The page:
The structures built in Egypt are true wonders of human ingenuity. Their thoughtful construction not only provide awe-inspired views, but they also increase the questions we generate when admiring them. How were all these things built? How long did it take? And, more importantly, who were the ones who designed and implemented the plans to build these structures? For many of the sites, answers to these questions come as the result of educated theories. Some answers come from exploring the village of the tomb workers in Ancient Egypt–Deir el-Medina.
Who built the Ancient Egyptian Workers Village?
The village is located near the Valleys of the Kings and Queens on the west bank of the Nile River in Upper Egypt. King Amenhotep I commissioned and built the village of Deir el-Medina to house the many craftsmen and artisans who worked on the tombs. The kings and queens of the New Kingdom (18th-20th dynasties) began to realize that tomb raiding was growing to epidemic proportions. To try and stop all of this looting, they designed the Valley of the Kings to hide and protect the wealth of the deceased monarchies. The construction of this immense necropolis needed workers. So they planned the community to house the craftsmen who would not only build the area but also protect it.
Touring Deir El-Medina
Deir el-Medina is a thirty-minute walk to the Valley of the Kings. It housed the many families who were working on the site. As you walk through the village, you can see the remains of the protective wall as well as the layouts for the homes. In addition, there are also elaborate tombs and cemeteries created for the workers. The village itself was mostly occupied by women and children, as the men would work and sleep at the Valley of the Kings for five nights before returning home.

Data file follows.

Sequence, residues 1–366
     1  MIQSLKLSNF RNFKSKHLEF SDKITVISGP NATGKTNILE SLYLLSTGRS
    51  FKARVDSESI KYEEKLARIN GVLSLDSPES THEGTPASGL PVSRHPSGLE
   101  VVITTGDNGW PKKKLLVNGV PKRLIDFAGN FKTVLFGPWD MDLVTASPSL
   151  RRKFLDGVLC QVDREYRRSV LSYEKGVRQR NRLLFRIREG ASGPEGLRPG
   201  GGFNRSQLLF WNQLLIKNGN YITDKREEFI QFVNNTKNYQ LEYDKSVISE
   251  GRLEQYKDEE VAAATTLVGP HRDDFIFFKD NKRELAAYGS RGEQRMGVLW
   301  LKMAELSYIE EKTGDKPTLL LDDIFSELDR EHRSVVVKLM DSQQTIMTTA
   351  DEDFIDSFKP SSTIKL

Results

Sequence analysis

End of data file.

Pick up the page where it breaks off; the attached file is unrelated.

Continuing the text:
Deir el-Medina ’s location was a bit unusual as there was no water source and no arable land. The water came from the Nile, and food or other goods were delivered monthly from the city of Thebes. Everything worked smoothly until some of the supplies did not arrive. This lack of payment to the workers workers broughte first documented workers’ strike around 1156 BCE.
Did Tomb Workers partner with Tomb Robbers?
As you might imagine further, the plan to use the craftsmen and artisans as guards did not work either. Many of the workers helped to lead the tomb robbers to areas where they would find and share in the fortunes. Eventually, the tomb raiding and lack of sufficient supplies to the villagers led the community to decline.
Today Deir el-Medina stands as a popular tourist destination that allows visitors a glimpse into the lives of the tomb workers.